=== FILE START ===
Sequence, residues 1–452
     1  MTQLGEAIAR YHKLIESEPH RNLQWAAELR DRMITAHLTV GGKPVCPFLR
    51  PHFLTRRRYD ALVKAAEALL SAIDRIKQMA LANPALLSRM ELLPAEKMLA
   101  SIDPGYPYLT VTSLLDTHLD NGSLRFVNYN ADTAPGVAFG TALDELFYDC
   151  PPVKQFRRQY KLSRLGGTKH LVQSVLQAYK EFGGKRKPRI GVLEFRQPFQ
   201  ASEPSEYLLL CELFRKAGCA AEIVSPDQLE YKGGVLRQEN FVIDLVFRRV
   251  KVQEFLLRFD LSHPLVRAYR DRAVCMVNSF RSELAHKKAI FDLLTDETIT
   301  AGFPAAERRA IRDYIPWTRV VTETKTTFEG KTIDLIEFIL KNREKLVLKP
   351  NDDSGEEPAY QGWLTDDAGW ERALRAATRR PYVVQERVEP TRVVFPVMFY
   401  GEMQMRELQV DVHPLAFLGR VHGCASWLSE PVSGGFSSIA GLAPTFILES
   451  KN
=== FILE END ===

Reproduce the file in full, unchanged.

Sequence, residues 1–452
     1  MTQLGEAIAR YHKLIESEPH RNLQWAAELR DRMITAHLTV GGKPVCPFLR
    51  PHFLTRRRYD ALVKAAEALL SAIDRIKQMA LANPALLSRM ELLPAEKMLA
   101  SIDPGYPYLT VTSLLDTHLD NGSLRFVNYN ADTAPGVAFG TALDELFYDC
   151  PPVKQFRRQY KLSRLGGTKH LVQSVLQAYK EFGGKRKPRI GVLEFRQPFQ
   201  ASEPSEYLLL CELFRKAGCA AEIVSPDQLE YKGGVLRQEN FVIDLVFRRV
   251  KVQEFLLRFD LSHPLVRAYR DRAVCMVNSF RSELAHKKAI FDLLTDETIT
   301  AGFPAAERRA IRDYIPWTRV VTETKTTFEG KTIDLIEFIL KNREKLVLKP
   351  NDDSGEEPAY QGWLTDDAGW ERALRAATRR PYVVQERVEP TRVVFPVMFY
   401  GEMQMRELQV DVHPLAFLGR VHGCASWLSE PVSGGFSSIA GLAPTFILES
   451  KN